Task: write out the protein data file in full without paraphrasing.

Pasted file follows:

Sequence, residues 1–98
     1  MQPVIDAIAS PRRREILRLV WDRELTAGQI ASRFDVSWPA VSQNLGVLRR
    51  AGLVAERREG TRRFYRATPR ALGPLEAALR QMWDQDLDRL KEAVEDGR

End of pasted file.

Sequence, residues 1–98
     1  MQPVIDAIAS PRRREILRLV WDRELTAGQI ASRFDVSWPA VSQNLGVLRR
    51  AGLVAERREG TRRFYRATPR ALGPLEAALR QMWDQDLDRL KEAVEDGR